Central American migrants heading to the U.S. queue for a meal at a temporary shelter in Irapuato, Mexico, last November.
Central American migrants heading to the U.S. queue for a meal at a temporary shelter in Irapuato, Mexico, last November. Photo by Alfredo Estrella/AFP/Getty Images

Climate Change Will Create 1.5 Billion Migrants by 2050 and We Have No Idea Where They'll Go

The climate crisis has already created millions of invisible refugees and could create up to 1.5 billion more in the next 30 years. But under international law no country is obliged to take them in.

Indigenous peoples and people of color are disproportionately affected by our global climate crisis. But in the mainstream green movement and in the media, they are often forgotten or excluded. This is Tipping Point, a new VICE series that covers environmental justice stories about and, where possible, written by people in the communities experiencing the stark reality of our changing planet.

Gilberto Ysaias started thinking about leaving Honduras when he couldn't produce enough crops to provide for his family. As an Indigenous farmer, the hotter summers were wreaking havoc on his yearly harvest.


The criminal gang MS-13 then tried to extort Ysaias (his name has been changed here to protect his identity). When he couldn’t cough up the cash, they tried to recruit his 11-year-old son.

Enough was enough. He heard that people could get asylum in the United States, so he and his son packed their bags and walked nearly 2,000 miles to get to the Texas border.

In March, they were detained upon entry to the United States and were scheduled for deportation. Now they are with their sponsor, waiting for a judge to rule on whether they will be granted asylum under the claim of gang violence.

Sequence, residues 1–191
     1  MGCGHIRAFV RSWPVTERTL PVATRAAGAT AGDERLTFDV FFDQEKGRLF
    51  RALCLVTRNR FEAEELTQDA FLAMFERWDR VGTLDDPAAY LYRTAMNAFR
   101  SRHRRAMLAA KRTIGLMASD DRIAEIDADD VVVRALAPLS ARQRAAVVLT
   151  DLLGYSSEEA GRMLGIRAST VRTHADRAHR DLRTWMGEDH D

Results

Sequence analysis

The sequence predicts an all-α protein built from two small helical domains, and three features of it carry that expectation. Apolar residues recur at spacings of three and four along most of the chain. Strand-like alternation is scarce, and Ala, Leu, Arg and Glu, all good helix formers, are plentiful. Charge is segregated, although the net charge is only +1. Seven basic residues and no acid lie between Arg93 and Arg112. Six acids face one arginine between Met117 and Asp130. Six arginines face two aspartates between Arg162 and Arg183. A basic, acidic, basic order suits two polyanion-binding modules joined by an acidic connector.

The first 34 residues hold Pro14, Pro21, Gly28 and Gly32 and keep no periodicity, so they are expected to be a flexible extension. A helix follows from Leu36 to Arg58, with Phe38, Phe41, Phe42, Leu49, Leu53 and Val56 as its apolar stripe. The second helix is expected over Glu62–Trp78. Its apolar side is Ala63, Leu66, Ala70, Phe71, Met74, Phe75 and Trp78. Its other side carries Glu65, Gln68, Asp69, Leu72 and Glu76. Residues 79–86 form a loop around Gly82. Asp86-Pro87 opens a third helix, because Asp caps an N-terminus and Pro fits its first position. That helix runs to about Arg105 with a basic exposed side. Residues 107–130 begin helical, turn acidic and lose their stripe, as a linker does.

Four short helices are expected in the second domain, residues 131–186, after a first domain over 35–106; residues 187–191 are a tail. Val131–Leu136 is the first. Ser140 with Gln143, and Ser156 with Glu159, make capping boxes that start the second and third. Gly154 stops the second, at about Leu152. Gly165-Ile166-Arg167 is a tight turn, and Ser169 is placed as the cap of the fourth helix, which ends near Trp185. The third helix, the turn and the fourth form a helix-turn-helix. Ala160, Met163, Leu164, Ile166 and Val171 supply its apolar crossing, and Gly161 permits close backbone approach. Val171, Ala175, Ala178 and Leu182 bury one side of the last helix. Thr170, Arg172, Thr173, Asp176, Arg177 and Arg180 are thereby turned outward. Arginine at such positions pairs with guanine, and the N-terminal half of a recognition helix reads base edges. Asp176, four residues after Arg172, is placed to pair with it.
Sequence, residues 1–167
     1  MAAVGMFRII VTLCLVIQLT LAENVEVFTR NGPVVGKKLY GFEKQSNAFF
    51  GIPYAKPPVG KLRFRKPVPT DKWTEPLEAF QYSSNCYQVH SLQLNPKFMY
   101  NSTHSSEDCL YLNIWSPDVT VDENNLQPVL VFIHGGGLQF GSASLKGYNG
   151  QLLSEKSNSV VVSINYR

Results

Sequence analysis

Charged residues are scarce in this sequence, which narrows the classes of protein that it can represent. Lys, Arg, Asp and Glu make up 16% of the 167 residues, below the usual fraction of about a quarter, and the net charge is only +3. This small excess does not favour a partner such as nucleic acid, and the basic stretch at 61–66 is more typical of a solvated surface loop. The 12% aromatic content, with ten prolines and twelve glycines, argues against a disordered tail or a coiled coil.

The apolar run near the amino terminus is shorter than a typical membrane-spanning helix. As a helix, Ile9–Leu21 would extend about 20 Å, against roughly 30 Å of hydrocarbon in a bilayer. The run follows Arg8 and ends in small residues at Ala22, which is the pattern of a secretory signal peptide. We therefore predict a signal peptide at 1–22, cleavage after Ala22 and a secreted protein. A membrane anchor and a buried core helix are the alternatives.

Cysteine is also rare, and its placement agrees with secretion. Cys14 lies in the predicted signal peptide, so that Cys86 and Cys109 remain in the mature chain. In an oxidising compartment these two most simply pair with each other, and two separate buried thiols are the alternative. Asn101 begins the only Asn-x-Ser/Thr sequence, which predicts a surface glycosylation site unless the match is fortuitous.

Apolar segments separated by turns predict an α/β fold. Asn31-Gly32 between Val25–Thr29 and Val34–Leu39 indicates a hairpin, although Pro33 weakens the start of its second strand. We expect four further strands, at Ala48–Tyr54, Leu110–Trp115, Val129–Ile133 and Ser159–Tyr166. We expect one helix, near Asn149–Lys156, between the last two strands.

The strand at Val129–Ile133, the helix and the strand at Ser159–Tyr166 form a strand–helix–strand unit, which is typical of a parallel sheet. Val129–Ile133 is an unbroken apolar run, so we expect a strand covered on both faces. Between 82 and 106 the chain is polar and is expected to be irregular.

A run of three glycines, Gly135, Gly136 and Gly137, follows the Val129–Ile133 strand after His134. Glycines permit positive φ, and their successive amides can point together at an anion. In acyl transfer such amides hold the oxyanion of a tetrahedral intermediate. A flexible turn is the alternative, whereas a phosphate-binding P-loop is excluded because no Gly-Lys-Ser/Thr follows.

Because climate change is not yet seen as a valid legal reason for asylum in any country, it is not included as a claim for their case. Yet the climate crisis played a central role in their decision to leave.

“Last summer, in my region, there was tremendous heat for a month, and half of all the plants dried,” Ysaias said in a case declaration. “Because of the heat, farmers are planting fewer crops and planting more grass for cattle. Because landowners are planting more grass, there are fewer jobs maintaining crops.”

Climate change—which the U.S. Department of Defense called a “threat multiplier”—can exacerbate poverty, conflict, and instability, which already plague impoverished nations like Honduras. According to new research from Stanford University, the economic gap between the richest and poorest countries is 25 percent larger today than it would have been without climate change.


The International Organization for Migration projects that between 25 million and 1.5 billion people will have to leave their homes by 2050. The poorest and smallest nations are the ones who are least likely to contribute to climate change, but they will be the first to be forced to migrate.

“Ultimately, they're coming here for reasons that may fall under protected ground for asylum, but the root cause is climate change,” said Gianvito Grieco, an attorney for the Refugee and Immigrant Center for Education and Legal Services (RAICES), who worked on Ysaias's case.

Yet “climate change refugee” does not formally exist under international law. The United Nations (UN) 1951 Convention Relating to the Status of Refugees defines “refugee” as someone who crosses an international border for “a well-founded fear of being persecuted because of his or her race, religion, nationality, membership of a particular social group, or political opinion.” That is usually interpreted as political oppression, not fear of sinking homes, scorched harvests, or devastated jungles.

“Just because it's become too hot in your country, or that yields are lower, or whatever result of climate change doesn't fall into that definition the way it's written now,” Grieco said.